National

Fundraising appeal made for Mascot Towers

By AAP Newswire

A fundraising appeal has kicked off to help repair Sydney's Mascot Towers after residents were forced to flee their homes when the building suffered crippling damage.

The 10-year-old building in Sydney's south was evacuated at short notice last Friday after engineers became concerned about continued cracking in the primary support structure and facade masonry.

One week on, some residents remain unable to return to their homes to access possessions and pets, and a Go Fund Me page has been set up to help pay for repairs.

"Residents now face an uncertain future, without a home and with escalating costs to repair the building," resident Anthony Gombu wrote on the page, which has a fundraising goal of $1 million.

The target is equal to the initial repair bill - a $1 million special levy to fund initial works - that owners of the building's apartments voted to pay in a four-hour meeting on Thursday.

Another owners' meeting is scheduled for next Thursday.

"This is only the start for us, we face massive repair costs that could reach $6 plus million, with no support from our government," Mr Gombu wrote.

The NSW premier on Friday vowed to hold to account those responsible for the damage to Mascot Towers.

Residents on Friday were told those with homes in the previously non-accessible "red zone" would finally be able to return and gather their belongings on Sunday.

Despite that welcome news, an update from engineers revealed beams in the building's basement continue to show signs of increased cracking.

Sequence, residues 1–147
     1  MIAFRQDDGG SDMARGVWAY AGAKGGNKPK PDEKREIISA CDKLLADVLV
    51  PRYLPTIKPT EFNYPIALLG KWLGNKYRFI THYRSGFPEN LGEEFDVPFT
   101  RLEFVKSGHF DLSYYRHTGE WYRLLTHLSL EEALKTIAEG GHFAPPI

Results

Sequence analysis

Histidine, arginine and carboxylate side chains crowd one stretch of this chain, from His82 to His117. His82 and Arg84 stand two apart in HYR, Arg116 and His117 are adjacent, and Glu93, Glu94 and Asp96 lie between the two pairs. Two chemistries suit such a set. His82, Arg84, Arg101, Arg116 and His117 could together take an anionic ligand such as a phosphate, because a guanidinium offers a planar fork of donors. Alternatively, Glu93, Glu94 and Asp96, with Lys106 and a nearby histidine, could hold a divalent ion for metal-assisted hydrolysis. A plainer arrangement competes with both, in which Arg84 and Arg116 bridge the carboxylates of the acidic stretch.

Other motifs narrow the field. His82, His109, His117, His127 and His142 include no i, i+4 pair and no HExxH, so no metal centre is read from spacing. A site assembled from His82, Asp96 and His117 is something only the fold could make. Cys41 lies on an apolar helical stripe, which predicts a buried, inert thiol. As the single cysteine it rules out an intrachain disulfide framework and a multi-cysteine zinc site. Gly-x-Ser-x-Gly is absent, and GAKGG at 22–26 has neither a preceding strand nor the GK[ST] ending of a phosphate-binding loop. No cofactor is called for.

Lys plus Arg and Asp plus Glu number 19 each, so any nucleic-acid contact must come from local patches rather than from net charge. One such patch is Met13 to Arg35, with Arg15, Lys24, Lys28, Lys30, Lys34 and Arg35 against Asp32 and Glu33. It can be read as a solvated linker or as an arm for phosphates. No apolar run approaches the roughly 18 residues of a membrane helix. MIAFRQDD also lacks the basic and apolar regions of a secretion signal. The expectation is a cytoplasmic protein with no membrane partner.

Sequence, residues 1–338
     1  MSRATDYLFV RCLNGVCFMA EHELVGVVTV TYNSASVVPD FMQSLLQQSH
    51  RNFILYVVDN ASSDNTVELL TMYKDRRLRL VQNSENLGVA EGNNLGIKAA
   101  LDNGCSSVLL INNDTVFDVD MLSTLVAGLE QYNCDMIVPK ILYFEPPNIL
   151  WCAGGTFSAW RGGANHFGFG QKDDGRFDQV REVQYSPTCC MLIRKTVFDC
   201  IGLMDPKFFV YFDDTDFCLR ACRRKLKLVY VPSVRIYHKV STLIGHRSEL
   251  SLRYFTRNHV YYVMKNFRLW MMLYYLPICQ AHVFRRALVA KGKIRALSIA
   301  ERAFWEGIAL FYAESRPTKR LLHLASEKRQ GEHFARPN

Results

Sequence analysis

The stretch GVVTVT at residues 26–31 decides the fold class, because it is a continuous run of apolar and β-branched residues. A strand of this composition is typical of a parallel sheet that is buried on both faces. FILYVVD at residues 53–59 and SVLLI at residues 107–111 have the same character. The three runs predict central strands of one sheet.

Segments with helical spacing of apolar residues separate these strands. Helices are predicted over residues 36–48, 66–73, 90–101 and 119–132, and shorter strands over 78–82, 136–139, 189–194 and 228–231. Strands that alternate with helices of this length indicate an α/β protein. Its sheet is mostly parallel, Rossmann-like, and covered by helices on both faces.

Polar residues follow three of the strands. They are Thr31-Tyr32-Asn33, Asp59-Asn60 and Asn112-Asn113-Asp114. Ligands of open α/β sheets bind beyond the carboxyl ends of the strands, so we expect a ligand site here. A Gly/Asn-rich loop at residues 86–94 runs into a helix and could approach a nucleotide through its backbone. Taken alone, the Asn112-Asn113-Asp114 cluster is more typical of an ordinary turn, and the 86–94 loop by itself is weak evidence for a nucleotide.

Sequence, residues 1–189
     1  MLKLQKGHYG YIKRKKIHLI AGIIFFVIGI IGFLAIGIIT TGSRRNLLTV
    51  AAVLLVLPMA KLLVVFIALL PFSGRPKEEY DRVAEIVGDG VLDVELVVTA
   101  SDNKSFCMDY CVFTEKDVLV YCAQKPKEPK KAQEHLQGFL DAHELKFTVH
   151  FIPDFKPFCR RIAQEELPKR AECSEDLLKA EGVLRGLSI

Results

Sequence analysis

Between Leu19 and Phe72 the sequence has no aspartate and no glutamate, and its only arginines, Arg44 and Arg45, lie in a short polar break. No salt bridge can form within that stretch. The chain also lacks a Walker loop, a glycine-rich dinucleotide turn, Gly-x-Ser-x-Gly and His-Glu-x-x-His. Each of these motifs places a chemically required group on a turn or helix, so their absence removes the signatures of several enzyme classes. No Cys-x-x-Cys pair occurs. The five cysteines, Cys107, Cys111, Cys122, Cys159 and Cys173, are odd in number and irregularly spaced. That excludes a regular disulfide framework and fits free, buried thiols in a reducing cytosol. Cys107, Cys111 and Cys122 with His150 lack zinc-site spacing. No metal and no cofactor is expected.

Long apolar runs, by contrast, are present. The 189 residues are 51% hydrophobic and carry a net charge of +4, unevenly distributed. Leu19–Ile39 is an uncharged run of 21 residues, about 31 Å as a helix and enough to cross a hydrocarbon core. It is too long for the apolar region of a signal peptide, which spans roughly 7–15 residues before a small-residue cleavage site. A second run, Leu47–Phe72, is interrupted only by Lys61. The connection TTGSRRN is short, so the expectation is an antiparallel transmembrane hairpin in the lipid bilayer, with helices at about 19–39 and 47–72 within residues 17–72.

Groundwater is still seeping within the basement.

A previous engineers' summary released on Thursday said there were signs the complex was "stabilising" but there was no immediate prospect of residents returning within the next month.

Premier Gladys Berejiklian had been invited to the meeting but did not attend, nor did any of her ministers, leaving many owners disappointed.

While empathising with the plight of residents and owners, she said it was not her job to attend every strata meeting.

"The government will hold everybody to account - including those who should have done their jobs better. Clearly, there's been a failure here and those who need to be held to account will be held to account," she told reporters.

She again called on strata and building managers to "step up" and not shirk their responsibilities, but had no word of warning for developers.

The owners' corporation understands the builder and developer J & B Elias was no longer trading and had been placed into administration some years ago.

The minister responsible for building standards in NSW described regulation concerning who was liable to pay for the damage as a "spaghetti nest".

"It's not a satisfactory situation at all," Minister for Better Regulation Kevin Anderson told ABC Radio National.

"Someone has to be accountable."

He said the government had a responsibility to look after and support those affected, but noted it was a civil liability issue because it was a privately-owned building.

Under NSW law, statutory warranties for major defects are only in place for six years.

Engineers have said they need at least another week to provide more substantiative findings, while a second firm of engineers has been appointed to review current assessments.